As with FDI and divestment, firms that use non-equity methods of internationalization, such as exporting, do not always maintain a constant presence abroad. Rather they tend to either completely exit foreign markets without re-entering, or exit and later re-enter the same or different markets (Chen et al., 2019; Love and Ganotakis, 2013). The process of exit and re-entry can be repeated a number of times over a certain time period (Bernini et al., 2016; Love and Manez, 2019). The importance of uncovering the reasons behind exiting export markets and subsequent re-entry but also the effects of those activities on a number of firm level outcomes, is emphasized by the eminent and possible pro-longed global financial crisis and reduced global demand (Bamiatzi et al., 2016; Konara and Ganotakis, 2020) resulting from the Covid-19 pandemic. Second, its importance is also highlighted from recent trade protectionism trends, resulting in an increase in the prices of intermediate and final products as well as changes to firms’ supply chain networks (Amiti et al., 2019).

 

Exploring the reasons behind re-internationalization is as important as investigating the determinants of de-internationalization. By re-entering foreign markets, firms can salvage prior tangible and intangible sunk costs, capture emerging opportunities as well as new or cheaper resources and hence improve future performance (Chen et al., 2019). However, re-internationalization is a more complex process (Javalgi et al., 2011) than initial market entry because the decision will be influenced by the type of experience gained during the exit (but also the time-out) period (Bernini et al., 2016; Surdu et al., 2019). Such experience can be the result of critical events, or it can be the outcome of a willing strategic decision (Vissak and Francioni, 2013). In the former case, this might mean that firms will hesitate to re-enter markets despite of the existence of new untapped opportunities (Javalgi et al., 2011). It is important therefore not only to examine what enables or constraints firms from re-entering foreign markets, but also to methodologically and conceptually distinguish between the reasons that led to exiting and take those into account when re-entry is examined.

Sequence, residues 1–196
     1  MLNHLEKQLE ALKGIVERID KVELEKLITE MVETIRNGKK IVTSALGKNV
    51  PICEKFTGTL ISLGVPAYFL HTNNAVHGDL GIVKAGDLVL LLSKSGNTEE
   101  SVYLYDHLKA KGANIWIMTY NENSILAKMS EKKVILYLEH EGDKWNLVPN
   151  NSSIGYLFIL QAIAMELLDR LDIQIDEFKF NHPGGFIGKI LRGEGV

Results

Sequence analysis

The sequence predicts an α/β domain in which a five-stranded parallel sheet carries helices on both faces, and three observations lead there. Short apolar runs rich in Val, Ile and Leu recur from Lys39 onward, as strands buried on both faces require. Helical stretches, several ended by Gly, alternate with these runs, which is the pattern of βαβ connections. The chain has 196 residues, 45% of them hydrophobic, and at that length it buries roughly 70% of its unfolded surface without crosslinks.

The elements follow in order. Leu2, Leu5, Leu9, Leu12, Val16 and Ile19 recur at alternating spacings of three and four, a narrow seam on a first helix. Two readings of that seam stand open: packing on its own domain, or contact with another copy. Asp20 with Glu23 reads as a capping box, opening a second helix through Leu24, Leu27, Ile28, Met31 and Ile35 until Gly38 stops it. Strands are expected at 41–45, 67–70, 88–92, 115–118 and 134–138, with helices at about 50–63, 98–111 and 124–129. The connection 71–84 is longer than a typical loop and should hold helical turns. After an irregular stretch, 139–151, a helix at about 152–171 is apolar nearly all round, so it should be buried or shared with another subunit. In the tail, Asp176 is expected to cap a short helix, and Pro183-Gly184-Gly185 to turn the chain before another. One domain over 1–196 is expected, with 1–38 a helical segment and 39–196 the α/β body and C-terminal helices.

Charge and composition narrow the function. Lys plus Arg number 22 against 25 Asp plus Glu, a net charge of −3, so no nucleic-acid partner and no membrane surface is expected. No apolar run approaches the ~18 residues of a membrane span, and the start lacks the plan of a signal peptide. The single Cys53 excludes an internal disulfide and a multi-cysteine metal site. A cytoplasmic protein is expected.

Finally, even if firms maintain their presence in foreign markets, they do not always increase their commitment in those markets as the stage process to internationalization would suggest. However, they can also decrease their presence, either by reducing the level of sales or by changing the mode of internationalization into a less resource intensive one (D’Angelo et al., 2020; Surdu et al., 2019). Nevertheless, we still have a rather incomplete understanding of the effects that such changes have on the short- and long-term performance of firms.

 

Objectives of this Special Issue

  • To increase understanding of the various cycles and waves of internationalization and, more specifically, why firms engage in various forms of de-internationalization and re-internationalization.
  • To identify the determinants and consequences of de-internationalization and re-internationalization using different levels of analysis – such as the firm, market, industry and state level.
  • To account for, and ideally incorporate, de-internationalization and re-internationalization in existing IB theory where appropriate and as a basis for new theoretical perspectives where needed.
  • To increase understanding of the relationship between de-internationalization and re-internationalization.
  • To understand how the various forms of de-internationalization (e.g., complete and partial exit from markets, reduction in sales intensity, change in mode of entry) depend on the initial market entry mode and how understanding this can advance theorization in IB.

 

Illustrative Topics

Exemplary research questions within the intended scope of this Special Issue include, but are not limited to, the following:

  • What internal to the firm (e.g., resources, capabilities) but also external factors (e.g., institutional and market related changes) contribute towards de-internationalization and re-internationalization depending on the foreign mode of entry that a firm has adopted?
  • How do internal and external factors interact to increase or decrease the likelihood of de-internationalization and re-internationalization?
  • What is the role of different forms of foreign experiential knowledge (e.g., marketing, business, institutional) in the de-internationalization process?
  • What is the effect of de-internationalization at different firm-level outcomes such as performance and innovation?
  • How does de-internationalization affect different aspects of firm performance depending on whether the exit was forced (as a result of a critical incident) or was part of a proactive strategic decision?
  • What decision making process do acquiring and divesting parties follow to deal with issues linked to uncertainty, information asymmetry/costs and the disclosure of technological knowledge and intangible assets under different industry conditions?
  • How do host and home country institutions and governmental intervention or control influence the de- and re-internationalization activities of MNEs?
  • How do firms gain more from the adoption of new production technologies during the backshoring process?
  • How is the way that a firm exited a market and the experience gained, linked with the likelihood of re-entry and the mode that will be used in order to re-enter that market or a different one?
  • What kind of internal changes firms need to carry out in order to re-start international operations once those have been stopped?
  • How do firms allocate and restructure internal and external resources to increase the likelihood that they will re-enter export markets and perform well?
  • Do firms that exited and then re-entered foreign markets achieve higher levels of performance in relation to newly entrants?

 

 

References